Predictive software can develop structural models faster on less data

Software developer Macros Solutions has claimed that its 'groundbreaking' modelling tool will enable engineers to develop CAD models in a fraction of the time needed by current tools.

Described as a predictive modelling and simulation technology, MACROS replaces mathematical models with data-based models. Feed it data, and it finds correlations and uses them to build what Macros Solutions CEO Pierre-Laurent Kociemba called a “surrogate model”. These models can then be plugged into, for example, Catia, for use in tasks such as aircraft fuselage weight optimisation computation.

“The amount of data needed depends on the precision you want,” he said, adding that MACROS includes tools to tell you what precision you can expect from the amount of data supplied. “We can do more with less, because our algorithms will rapidly find all the correlations between the data.”

He said that because is it data-driven it runs much faster, citing the example of an aerofoil model at Airbus which previously took one month to calculate, but which was generated using MACROS “in three days on a PC.”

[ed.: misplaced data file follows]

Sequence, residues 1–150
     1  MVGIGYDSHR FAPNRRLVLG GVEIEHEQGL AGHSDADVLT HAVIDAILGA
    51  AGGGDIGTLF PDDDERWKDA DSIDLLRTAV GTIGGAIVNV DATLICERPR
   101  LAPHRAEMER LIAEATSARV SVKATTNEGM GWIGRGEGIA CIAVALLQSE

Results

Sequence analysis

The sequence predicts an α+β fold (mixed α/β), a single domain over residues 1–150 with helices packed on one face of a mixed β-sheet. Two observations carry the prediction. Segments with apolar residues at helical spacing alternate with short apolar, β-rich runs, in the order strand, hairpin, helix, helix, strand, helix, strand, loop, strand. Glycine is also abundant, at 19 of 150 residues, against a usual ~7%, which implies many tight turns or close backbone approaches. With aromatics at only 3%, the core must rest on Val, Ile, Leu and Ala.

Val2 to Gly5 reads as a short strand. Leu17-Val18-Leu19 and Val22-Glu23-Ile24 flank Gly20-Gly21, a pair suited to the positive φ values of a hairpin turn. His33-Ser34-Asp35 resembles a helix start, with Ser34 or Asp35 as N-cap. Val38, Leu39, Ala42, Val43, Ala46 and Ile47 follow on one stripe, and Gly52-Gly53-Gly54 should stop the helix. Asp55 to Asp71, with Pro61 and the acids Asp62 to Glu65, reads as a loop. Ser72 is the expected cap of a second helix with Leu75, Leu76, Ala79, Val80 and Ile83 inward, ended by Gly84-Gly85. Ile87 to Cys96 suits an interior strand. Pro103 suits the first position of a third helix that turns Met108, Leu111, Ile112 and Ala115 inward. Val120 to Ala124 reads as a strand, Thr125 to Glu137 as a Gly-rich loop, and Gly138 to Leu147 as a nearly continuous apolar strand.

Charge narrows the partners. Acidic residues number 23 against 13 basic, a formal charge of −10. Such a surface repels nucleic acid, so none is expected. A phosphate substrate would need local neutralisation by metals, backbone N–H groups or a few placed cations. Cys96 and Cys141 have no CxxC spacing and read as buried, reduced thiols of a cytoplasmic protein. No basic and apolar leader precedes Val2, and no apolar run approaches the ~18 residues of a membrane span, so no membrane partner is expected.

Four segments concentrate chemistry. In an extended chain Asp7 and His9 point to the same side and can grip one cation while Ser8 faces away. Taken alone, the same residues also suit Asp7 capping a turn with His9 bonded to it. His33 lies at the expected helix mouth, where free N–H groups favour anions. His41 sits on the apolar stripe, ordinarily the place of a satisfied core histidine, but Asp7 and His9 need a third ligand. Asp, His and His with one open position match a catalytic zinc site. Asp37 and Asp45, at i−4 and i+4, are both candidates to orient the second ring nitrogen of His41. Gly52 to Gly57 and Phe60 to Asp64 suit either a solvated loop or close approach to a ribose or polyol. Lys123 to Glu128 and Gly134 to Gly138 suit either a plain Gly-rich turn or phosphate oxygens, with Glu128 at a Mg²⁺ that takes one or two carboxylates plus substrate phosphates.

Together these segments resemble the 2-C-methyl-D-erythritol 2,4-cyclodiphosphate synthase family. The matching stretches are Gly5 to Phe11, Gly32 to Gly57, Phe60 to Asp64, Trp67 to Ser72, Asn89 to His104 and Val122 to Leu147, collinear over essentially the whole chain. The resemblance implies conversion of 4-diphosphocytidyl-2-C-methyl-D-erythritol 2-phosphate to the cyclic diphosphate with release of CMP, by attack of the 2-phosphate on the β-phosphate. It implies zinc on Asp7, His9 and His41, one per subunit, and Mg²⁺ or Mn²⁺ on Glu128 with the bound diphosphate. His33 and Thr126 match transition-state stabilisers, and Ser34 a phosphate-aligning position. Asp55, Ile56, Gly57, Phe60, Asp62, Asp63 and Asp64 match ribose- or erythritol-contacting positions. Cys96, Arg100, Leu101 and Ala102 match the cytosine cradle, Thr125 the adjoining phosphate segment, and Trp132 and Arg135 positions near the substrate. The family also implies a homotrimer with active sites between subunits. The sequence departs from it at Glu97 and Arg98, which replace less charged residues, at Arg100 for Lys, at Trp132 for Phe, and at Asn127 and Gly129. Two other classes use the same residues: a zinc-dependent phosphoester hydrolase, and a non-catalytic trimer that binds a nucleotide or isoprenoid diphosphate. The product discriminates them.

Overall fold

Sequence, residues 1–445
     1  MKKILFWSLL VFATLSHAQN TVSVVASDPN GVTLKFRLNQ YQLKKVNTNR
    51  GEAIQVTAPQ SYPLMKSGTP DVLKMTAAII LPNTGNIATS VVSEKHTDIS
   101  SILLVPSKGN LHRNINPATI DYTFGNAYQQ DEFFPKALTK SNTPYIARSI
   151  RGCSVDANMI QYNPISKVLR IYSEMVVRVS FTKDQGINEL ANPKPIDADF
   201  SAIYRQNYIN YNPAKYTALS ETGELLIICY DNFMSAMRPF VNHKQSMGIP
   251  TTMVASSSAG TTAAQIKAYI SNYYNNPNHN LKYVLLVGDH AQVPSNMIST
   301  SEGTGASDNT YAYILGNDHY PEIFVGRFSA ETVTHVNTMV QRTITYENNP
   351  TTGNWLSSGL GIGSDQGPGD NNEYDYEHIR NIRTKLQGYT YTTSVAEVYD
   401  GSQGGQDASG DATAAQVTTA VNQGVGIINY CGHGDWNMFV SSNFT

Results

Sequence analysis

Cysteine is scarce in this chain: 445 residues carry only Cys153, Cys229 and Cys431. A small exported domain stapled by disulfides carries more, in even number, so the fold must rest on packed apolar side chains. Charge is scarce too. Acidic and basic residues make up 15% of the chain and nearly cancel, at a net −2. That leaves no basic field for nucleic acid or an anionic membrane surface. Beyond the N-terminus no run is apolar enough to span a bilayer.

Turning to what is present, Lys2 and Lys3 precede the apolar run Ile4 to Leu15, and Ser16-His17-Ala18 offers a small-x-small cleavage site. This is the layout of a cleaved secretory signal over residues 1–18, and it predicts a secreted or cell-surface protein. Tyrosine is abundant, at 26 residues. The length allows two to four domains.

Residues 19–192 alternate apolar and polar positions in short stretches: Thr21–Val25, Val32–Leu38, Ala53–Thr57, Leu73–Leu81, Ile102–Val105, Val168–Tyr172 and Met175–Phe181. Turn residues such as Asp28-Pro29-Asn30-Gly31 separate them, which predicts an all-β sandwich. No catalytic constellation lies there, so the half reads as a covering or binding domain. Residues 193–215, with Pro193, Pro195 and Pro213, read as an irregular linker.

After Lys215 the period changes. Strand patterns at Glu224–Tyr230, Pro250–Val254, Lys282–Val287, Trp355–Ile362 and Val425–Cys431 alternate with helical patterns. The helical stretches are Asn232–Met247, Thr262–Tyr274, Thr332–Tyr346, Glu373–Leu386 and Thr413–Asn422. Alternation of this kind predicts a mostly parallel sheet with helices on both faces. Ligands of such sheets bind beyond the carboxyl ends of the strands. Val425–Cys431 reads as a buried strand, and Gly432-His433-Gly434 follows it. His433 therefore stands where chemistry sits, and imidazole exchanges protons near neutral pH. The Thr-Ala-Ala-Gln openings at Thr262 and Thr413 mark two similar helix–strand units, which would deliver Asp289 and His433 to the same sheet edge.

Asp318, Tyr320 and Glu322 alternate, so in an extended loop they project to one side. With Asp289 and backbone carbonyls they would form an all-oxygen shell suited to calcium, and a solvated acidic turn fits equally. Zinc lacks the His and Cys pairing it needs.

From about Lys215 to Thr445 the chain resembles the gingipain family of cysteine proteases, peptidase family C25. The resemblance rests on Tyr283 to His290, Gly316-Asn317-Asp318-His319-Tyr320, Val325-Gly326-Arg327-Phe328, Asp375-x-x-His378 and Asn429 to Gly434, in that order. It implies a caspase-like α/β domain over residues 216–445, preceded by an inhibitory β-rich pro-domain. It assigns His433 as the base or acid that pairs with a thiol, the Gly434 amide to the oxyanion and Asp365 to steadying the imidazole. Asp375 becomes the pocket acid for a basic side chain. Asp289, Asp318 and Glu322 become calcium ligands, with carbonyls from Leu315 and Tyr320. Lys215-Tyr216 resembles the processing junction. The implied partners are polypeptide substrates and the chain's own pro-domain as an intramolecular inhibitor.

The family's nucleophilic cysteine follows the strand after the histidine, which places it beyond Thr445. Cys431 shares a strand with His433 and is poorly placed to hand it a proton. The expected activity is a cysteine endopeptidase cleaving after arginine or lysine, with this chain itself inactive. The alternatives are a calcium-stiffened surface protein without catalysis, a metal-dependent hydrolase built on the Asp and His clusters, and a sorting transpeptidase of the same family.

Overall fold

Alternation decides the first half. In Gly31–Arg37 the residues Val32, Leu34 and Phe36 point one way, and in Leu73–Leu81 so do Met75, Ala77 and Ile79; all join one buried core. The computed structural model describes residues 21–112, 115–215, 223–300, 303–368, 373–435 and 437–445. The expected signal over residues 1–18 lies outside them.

He added, “a surrogate model is a model whose complexity depends on the application and on what you want to model – on how many parameters you want to see. The data would come from wind tunnel testing, say, and from past experience.”

MACROS was developed with EADS and Airbus support by researchers at the Institutes of the Russian Academy of Sciences (IRIAS), and the eponymous company is a joint venture between IRIAS and EADS. Kociemba said that as well as selling the software, along with training in how to use it - “For an engineer used to working with modelling tools, it is one or two days training” - Macros Solutions also plans to offer it as a service: companies will be able to send it a database, and receive a 'MACROS baby' in return, ready to plug into their design software.

The company's first sales target is of course EADS itself: Kociemba expects it to take around 1000 seats, including around 400 for Airbus, and 200 each for Eurocopter and Astrium. He added that Mercedes, Renault, and Japanese engineering firm IHI have had demonstrations, and said he also sees opportunities in many other domains, including finance, for building the models on which trading decisions are based.

Kocimbe estimated that MACROS would cost around 3000 euro a seat as a plug-in for Catia - he said his company has signed a partnership with Dassault Systèmes, and is now talking to other CAD suppliers, including Siemens. Delivery of the first user-ready software is planned for the end of September, he added. 

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